And in the end, when the frost has nipped your plants you can do a couple different things with the remaining bales. If your bales held up well enough you might be able to plant them again next season. Mine were SO "composted" by the end of the growing season that part of them went into the compost pile and the rest went to cover all my flower beds to enrich that soil and protect my bulbs that will come up in the Spring. Oh, and the twine that held them together? I clipped them, tied them all together to make a huge ball of twine and I'll be using that this year to put between my stakes to help support my plants! Nothing went to waste.....your potatoes you just cut the twine and let the bale fall apart and pick up your potatoes...NO digging!
I thought I would just pass along some tips and tricks that I learned along the way:
* It seems, at least in my area, that the Japanese Beetles love my plants. I can't say they are drawn to the bale gardens but I've gardened here for 7 years and never had a problem with them. Last year they were horrible. I found a great Japanese beetle trap that truly did the trick. Once I set it up in the yard I had literally 100's of them in the trap just 48 hours later. The one I used I found on Amazon and it's called "Rescue JBTZ-DB12 Japanese Beetle Trap", it's about $7. There are no chemicals and your not putting anything on your plants. It works by attracting them to the trap and once in they cannot get out. I loved that it did NOT have chemicals. When they died I simply took the trap down to the dock, unzipped the bottom of it and fed the fish! The catfish loved them!
* Snails....we have a snail problem here in Missouri. While I've read snails don't like to crawl up the bales I sill had some trouble with them. I just took a couple pie pans and filled them with old beer (got it from the local bar for free). No chemicals and the snails are very attracted to it...they go quickly and happily! LOL
* Tomato DO they find my plants? When I see them I just pluck them off, they are pretty big...then I dust the plants with a fine covering of wood ash. It works pretty well without using chemicals. I put it through an old flour sifter from a yard sale!
~Your pollinators!
* You have to have a lot of happy bees to make sure your crops that need pollination get what they need. I planted a LOT of wildflowers this past year because the honey bees are in trouble environmentally. The year before I had to pollinate my cukes and squash plants with a small paint brush and my yield was very low. I found they bees really liked Zinnias and Black Eyed Susans....any wildflower mix will be good. You can even find some that are specifically for butterfly and honey bees and some that also attract hummingbirds. Just remember, if your putting chemicals on your plants you are also eliminating the "good" bugs too!
~Watering. Always, always water your plants on top of the bale. Do NOT water from the top of the plant down. Because you are putting plants in closer quarters your setting yourself up for "white powdery mold" which once your plants get this...they are done. You can slow it a bit but it will just overtake your "climbers" in as little as 24 hours. If your afraid of it or you have dealt with it in the past you probably know that watering that way is the end! If you have had it before and you'd like to be "pro-active" as far as NOT getting it in the first place do not bother with the "fungicides" they sell for it in the stores. They don't work, they are expensive and you don't need chemicals on your plants! The best "preventative" I found was buttermilk...let it "sour" for a day or so outdoors, put it in a spray bottle, add 2 drops of Dawn and lightly spray your leaves, tops and bottoms. If you need to you can thin it out with water. Do it in the morning so it can dry all day.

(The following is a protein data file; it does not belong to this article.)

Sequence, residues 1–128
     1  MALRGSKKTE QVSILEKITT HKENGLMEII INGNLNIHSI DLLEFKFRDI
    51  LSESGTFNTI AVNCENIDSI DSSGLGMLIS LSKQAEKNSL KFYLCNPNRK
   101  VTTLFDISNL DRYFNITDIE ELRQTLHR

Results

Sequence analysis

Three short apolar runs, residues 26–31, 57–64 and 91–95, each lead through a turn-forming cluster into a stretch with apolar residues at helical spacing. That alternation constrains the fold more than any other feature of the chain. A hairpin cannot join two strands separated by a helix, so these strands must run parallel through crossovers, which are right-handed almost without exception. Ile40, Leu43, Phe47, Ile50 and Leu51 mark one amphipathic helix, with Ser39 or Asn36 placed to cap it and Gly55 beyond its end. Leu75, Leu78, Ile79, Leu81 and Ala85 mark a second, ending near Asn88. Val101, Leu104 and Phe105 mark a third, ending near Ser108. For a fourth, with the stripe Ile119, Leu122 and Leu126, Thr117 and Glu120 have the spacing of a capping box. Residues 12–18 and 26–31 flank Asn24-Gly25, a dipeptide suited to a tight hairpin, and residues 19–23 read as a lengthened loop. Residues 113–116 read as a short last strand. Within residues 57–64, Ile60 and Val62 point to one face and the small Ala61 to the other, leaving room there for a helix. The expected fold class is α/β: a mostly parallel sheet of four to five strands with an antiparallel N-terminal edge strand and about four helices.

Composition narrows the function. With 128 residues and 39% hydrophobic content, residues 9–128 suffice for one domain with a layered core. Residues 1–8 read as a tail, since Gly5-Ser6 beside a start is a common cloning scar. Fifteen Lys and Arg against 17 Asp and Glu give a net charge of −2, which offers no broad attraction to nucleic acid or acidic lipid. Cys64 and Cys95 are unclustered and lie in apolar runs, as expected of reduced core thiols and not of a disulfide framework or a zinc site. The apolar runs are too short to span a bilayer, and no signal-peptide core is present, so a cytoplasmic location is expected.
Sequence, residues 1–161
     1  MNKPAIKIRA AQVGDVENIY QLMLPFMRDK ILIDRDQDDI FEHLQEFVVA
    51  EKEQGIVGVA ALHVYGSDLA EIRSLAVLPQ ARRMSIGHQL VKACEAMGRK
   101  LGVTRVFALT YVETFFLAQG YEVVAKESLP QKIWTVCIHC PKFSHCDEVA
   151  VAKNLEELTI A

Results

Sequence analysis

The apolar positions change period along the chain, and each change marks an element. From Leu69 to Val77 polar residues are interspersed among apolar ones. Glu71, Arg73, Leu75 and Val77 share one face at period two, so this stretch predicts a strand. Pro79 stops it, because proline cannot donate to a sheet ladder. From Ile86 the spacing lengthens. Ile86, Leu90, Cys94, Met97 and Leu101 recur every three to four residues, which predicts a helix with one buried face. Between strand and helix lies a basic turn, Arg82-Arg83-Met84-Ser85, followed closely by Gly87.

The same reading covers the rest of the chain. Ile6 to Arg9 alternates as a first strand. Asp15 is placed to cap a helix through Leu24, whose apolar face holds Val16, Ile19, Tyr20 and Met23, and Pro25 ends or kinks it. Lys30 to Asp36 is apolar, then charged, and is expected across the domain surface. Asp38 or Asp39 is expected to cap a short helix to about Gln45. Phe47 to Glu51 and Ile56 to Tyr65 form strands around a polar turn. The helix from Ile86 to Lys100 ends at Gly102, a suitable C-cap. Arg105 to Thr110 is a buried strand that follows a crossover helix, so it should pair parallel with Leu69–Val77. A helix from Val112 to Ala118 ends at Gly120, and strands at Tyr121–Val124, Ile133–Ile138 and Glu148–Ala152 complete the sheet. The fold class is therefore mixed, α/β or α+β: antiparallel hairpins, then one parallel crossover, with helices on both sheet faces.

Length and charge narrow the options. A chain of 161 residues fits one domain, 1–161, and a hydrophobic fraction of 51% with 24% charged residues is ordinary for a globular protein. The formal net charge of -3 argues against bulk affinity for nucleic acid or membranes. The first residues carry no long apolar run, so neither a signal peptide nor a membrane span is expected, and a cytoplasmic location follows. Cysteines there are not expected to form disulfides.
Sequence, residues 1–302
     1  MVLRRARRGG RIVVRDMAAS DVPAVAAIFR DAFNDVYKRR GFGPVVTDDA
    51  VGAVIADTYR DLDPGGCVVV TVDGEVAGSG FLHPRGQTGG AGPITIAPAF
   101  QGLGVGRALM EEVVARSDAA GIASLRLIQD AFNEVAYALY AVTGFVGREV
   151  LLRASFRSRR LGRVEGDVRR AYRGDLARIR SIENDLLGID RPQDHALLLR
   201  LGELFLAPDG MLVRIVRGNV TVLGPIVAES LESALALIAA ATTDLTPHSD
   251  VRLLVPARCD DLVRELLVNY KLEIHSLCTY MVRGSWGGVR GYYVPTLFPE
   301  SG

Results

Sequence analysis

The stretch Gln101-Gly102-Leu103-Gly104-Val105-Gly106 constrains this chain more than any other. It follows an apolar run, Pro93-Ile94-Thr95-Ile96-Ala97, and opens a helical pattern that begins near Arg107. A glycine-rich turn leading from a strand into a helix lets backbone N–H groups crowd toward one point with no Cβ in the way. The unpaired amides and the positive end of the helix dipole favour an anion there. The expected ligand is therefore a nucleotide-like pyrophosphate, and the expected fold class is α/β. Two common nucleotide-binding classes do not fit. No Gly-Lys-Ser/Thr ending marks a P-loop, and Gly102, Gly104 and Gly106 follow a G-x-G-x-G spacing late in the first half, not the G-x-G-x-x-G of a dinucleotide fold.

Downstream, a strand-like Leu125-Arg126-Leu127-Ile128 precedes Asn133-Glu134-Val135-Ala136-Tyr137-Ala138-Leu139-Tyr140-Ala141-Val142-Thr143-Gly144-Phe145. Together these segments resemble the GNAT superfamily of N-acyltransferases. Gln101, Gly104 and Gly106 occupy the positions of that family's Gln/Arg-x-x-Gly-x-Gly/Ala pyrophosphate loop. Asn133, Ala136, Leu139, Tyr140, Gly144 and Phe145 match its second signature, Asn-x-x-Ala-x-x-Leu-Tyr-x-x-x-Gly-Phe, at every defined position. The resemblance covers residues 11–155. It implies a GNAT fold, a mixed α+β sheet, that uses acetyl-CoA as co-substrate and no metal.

Your SBG will need less watering eventually but until your seeds/plants develop a good root system you will want to water daily.
~Fertilizer. Organic is best, there are a lot of organic "teas" you can make to feed your'll want to fertilize organically each week for about a month to a month and 1/2 until those plants are really raring to go! I also save all my egg shells, pull the membrane out of the inside and dry them. Once dry I crush them up and save them in an air tight container. When my tomato plants are up about 12" I put the egg shells into an old blender and add some water and blend it up. I take a couple of tablespoons of the liquid and pour it around my tomato plants...they love it. I also use Epson salts...the tomatoes LOVE it! Here is a link to everything you need to use Epson salt on your garden!
ng-with-epsom-salt.asp It's cheap and plentiful and won't harm your plants OR the bees and butterflies!
~Wind. We get some really strong winds here so I stake my bales on each end and put twine between them. That way I can "weave" my plants as they grow. I "weave" just stops them from being blown over here.
Enjoy! I hope you have fun with your Straw Bale Garden this year...if you ever have any questions you can message me. Also there are all kinds of great videos on SBG on YouTube.
Happy Straw Bale Gardening!